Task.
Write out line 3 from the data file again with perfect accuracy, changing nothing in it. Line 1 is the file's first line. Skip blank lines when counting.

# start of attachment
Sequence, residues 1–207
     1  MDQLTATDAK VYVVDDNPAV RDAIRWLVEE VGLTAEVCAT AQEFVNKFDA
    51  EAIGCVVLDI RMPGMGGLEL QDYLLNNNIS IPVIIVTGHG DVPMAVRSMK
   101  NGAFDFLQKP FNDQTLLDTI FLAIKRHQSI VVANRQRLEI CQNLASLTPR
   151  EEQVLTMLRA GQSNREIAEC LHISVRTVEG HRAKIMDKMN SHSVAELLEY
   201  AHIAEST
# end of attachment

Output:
    51  EAIGCVVLDI RMPGMGGLEL QDYLLNNNIS IPVIIVTGHG DVPMAVRSMK